testCreate.json
{
"owner":"<PASTE_OWNER_WEB3_ADDRESS>",
"props":{
"name": "Supercool Dragon",
"description": "Legendary creature that loves fire.",
"image": "ipfs://QmPCHHeL1i6ZCUnQ1RdvQ5G3qccsjgQF8GkJrWAm54kdtB",
"animation_url": "ipfs://QmefzYXCtUXudCy9LYjU4biapHJiP26EGYS8hQjpei472j",
"attributes": [
{
"trait_type": "Rarity",
"value": "Scarce"
},
{
"trait_type": "Level",
"value": 5
},
{
"trait_type": "Weight",
"value": 123.5
}
]
},
"metadata":{
"info": "which is private"
}
}
To pipe this data into the mutation, we must change the first lines of the '/create/' route to the following:
// create asset route
app.post('/create/', async (request, response) => {
// get the asset data from the POST request body
const { owner, props, metadata } = request.body;
...
// and below change the call to createAsset
const mutation = freeverse.createAsset(owner, ownerNonce, props, metadata);
...
You can now use the returned asset ID to see the asset details in the Sandbox Living Assets Scan app. In the production Living Assets Scan app, from here you can also verify ownership and properties on Polygon.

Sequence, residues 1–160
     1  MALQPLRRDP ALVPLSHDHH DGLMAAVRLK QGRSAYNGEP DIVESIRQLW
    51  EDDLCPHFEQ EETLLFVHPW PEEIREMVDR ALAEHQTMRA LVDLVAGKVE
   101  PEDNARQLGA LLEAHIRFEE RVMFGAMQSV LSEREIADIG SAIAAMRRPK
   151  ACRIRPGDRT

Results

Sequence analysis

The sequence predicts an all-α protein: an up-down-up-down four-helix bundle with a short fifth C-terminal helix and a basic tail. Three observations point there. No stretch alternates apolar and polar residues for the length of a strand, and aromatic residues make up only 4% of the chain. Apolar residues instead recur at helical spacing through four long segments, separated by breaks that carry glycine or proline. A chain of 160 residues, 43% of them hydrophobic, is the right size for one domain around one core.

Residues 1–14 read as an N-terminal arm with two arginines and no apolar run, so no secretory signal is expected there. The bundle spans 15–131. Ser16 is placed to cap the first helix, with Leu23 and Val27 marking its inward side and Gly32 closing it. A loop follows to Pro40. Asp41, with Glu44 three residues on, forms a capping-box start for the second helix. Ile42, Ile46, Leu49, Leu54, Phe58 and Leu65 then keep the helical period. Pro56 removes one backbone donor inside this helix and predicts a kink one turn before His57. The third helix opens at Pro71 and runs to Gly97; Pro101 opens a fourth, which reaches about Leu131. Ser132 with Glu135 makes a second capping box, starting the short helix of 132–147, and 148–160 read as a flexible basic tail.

Evolving an Asset

The steps to change the properties of an existing asset are very similar to those for creating a new one. The principal difference is that the nonce required is associated with the asset, rather than with the user. However, almost everything else is the same.
Note that when you update the asset properties you are overwriting the old ones i.e. you must pass the entire asset properties JSON.
First, we need to add a new function to freeverse.js, which creates and signs the mutation to update the asset properties. This code is almost identical to that which creates and signs the 'create' mutation, only changing the user ID for asset ID, and changing the operation type:
// freeverse.js
// add updateAssetOp in the requirements
const { createAssetOp, updateAssetOp, AtomicAssetOps } = require('freeverse-apisigner-js');
// ...
exports.evolveAsset = (asset, assetNonce, assetProps, assetMetadata) => {
const assetOps = new AtomicAssetOps({ universeId: UNIVERSE_ID });
const operation = updateAssetOp({
nonce: assetNonce,
assetId: asset,
props: assetProps,
metadata: assetMetadata,
});
assetOps.push({ op: operation });
const sig = assetOps.sign({ web3Account: universeOwnerAccount });